A Frontier Surveyor

William A. Richards: Diaries of a Frontier Surveyor in Nebraska and Wyoming, by Lucia McCreery. Red Bank Press, Brooklyn, New York, 2023, 270 pages. 26.95 paperback.

By Rebecca Hein

All these years, I fear I’ve been a member of the Flat Earth Society—and never realized it until I read this book. In the Introduction, I read, “Surveys for latitude, such as the 1873 Wyoming boundary survey, required constant corrections and astronomical checks to the survey along an east-west curve.”

Diaries of a Frontier Surveyor book cover

Huh? I thought, and later asked my math-and-science oriented husband, “Why would the frontier surveyor William Richards have to survey the southern boundary of Wyoming on a curve, when the boundary is straight?”

Ellis replied, “To correct for the curvature of the Earth.”

I excuse myself on the grounds of distraction. I already knew the sagas of Richards’s surveys of Wyoming Territory’s southern and western boundaries. Although William Richards’s brother Alonzo actually held the contracts for both surveys, Alonzo only took part in the southern boundary survey. William did much of that work, and most of the western boundary work. (Two decades later, William would be elected governor of Wyoming.)

The Richards brothers and their crews did the surveys in 1873 and 1874, well before the age of fossil fuels, grocery stores in the unsettled West and 20th century surveying tools. This meant they and their helpers often hacked through dense stands of timber, essentially building their roads and clearing space for the surveys by manual labor. Though they carried staples such as flour and sugar, they had to pause often to hunt, process their kills and cook the meat. Potable water was hit-or-miss, and perhaps because of this, temporary illnesses were common. In addition to their surveyor duties, they had to describe the landscape as they went along: “mountains, rivers, visible minerals, soil type, and vegetation, so the government would know more about what … [it] acquired in the Louisiana Purchase of 1803.”

This book is loaded with general information about surveying, starting with the introduction, in which the author describes surveying terms, tools and techniques. This long list includes, among other things, specialized items such as chains—“a kind of heavy-duty tape measure”—plus a transit: an instrument used to measure horizontal and vertical angles.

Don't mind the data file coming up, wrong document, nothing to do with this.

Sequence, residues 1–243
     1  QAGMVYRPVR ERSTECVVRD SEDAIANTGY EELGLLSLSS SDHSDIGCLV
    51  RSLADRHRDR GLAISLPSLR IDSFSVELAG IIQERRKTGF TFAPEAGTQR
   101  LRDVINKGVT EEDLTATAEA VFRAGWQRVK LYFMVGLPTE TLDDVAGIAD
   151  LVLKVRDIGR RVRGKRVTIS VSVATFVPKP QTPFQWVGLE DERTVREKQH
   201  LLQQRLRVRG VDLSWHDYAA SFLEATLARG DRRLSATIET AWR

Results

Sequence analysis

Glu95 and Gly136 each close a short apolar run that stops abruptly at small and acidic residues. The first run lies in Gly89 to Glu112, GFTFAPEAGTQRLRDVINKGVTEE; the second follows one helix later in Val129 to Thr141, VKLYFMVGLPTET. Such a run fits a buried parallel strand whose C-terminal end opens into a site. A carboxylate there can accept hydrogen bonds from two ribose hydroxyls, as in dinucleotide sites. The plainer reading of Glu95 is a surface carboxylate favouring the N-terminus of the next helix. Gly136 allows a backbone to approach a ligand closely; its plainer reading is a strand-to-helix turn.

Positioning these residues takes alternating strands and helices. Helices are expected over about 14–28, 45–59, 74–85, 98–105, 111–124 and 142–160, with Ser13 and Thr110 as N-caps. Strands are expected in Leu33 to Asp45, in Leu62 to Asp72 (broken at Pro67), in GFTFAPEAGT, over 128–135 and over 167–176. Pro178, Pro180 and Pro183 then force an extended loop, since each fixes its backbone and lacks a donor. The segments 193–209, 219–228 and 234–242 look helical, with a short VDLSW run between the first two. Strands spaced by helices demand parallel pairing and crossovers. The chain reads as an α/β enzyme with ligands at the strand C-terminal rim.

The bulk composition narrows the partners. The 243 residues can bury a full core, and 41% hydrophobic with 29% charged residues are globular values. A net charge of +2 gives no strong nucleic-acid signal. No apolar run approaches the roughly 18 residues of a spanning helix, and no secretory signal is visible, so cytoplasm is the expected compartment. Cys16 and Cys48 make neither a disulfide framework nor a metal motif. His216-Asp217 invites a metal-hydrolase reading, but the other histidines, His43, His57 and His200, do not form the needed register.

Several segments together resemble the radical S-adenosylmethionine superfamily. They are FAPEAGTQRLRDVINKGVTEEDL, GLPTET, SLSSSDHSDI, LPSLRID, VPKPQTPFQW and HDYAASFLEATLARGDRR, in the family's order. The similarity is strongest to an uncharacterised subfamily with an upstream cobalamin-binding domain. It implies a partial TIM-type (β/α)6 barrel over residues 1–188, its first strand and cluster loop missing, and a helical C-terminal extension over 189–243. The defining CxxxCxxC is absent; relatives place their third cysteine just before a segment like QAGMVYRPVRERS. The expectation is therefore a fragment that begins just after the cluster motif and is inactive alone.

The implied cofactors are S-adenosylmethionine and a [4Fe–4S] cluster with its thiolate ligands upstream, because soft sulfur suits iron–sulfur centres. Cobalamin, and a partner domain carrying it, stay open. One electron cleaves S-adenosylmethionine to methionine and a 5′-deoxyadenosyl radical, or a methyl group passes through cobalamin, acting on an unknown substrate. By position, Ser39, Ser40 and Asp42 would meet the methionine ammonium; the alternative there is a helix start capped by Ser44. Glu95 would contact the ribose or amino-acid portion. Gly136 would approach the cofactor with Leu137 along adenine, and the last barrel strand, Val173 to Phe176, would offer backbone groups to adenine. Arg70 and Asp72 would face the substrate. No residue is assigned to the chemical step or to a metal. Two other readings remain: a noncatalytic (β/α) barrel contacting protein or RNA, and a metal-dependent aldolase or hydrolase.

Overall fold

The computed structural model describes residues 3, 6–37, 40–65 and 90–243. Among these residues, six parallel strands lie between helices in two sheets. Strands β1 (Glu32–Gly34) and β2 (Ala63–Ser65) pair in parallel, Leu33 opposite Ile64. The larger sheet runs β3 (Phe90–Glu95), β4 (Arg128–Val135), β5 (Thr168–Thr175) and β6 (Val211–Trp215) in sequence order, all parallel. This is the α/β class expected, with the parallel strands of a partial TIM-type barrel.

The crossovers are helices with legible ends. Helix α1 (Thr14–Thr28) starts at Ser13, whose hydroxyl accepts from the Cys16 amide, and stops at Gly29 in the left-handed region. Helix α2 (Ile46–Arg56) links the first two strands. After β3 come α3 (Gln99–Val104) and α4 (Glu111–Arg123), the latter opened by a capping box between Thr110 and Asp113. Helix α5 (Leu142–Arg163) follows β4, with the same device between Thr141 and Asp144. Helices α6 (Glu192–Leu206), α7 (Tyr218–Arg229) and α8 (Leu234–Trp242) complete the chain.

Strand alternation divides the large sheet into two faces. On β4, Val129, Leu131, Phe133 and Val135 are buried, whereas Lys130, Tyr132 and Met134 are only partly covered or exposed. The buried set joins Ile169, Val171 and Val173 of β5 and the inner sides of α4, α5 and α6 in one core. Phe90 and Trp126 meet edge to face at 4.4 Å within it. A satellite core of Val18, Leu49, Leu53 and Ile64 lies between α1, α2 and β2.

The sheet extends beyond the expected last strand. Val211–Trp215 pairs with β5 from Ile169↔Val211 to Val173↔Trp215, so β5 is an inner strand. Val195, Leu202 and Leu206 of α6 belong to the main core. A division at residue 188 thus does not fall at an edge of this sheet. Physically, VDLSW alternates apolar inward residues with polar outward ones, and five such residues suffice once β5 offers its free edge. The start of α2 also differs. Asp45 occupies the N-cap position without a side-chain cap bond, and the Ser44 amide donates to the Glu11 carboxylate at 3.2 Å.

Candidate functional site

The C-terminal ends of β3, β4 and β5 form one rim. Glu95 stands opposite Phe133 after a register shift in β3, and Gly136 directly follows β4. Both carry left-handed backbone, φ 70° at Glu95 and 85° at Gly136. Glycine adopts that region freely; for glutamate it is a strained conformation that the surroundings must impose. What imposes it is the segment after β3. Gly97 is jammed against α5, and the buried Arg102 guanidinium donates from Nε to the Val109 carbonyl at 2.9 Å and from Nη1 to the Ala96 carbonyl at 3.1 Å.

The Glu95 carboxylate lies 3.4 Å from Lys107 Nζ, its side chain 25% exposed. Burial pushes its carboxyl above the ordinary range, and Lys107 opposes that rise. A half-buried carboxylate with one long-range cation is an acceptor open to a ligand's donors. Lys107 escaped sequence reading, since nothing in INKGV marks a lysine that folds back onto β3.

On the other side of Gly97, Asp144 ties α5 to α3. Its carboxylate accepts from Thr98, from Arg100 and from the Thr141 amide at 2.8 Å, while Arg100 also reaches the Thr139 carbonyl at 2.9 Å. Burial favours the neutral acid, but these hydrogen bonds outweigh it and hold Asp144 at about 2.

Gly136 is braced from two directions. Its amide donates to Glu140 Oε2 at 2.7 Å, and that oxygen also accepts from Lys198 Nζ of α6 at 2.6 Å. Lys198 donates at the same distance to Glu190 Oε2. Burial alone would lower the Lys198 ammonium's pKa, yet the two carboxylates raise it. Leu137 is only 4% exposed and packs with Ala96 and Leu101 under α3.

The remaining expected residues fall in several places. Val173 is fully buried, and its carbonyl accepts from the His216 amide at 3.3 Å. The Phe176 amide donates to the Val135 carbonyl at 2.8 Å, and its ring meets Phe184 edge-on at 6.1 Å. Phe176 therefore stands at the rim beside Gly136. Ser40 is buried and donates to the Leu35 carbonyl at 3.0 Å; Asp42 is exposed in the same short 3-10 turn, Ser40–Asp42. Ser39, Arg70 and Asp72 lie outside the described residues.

Correcting for the earth’s curvature required regular astronomical checks. Although Alonzo “was a U.S. astronomer himself, yet he engaged ‘the best observer in the U.S.’” The group set up five astronomical stations on the southern boundary with each station marked by a stone monument. Obtaining and hauling large enough and otherwise suitable stones was a huge job in itself.

Richards’s diaries vividly describe a time long past, when manual labor and horse and mule power were the only means of accomplishing many tasks. How did William find the time and energy to keep a diary? Modern readers would do well to value his legacy, especially as we use power tools, drive around, correspond by text or email and otherwise benefit from life in the 21st century.

Editor Lucia McCreery, great-granddaughter of William Richards, notes, “Surveyors in remote, difficult country often let precision slide on the assumption that nobody would notice or care, but the Richardses took pains to set precise boundary posts and monuments no matter how rough the terrain.” She clearly shares her ancestors’ high standards: The book’s content is clear, thorough and interesting, and has many useful illustrations. The appendix is also packed with surveying information. With 55 illustrations and photos, 22 in full color, and 30 maps and diagrams. For excerpts from the diaries, see https://www.williamarichards.com/diaries-excerpts.

Available at museums and libraries throughout the state, at williamarichards.com and various online outlets.

Rebecca Hein is an assistant editor at WyoHistory.org.

Read “The Roughest Mountains & Deepest Cañons:” William Richards and the Boundary Survey of 1874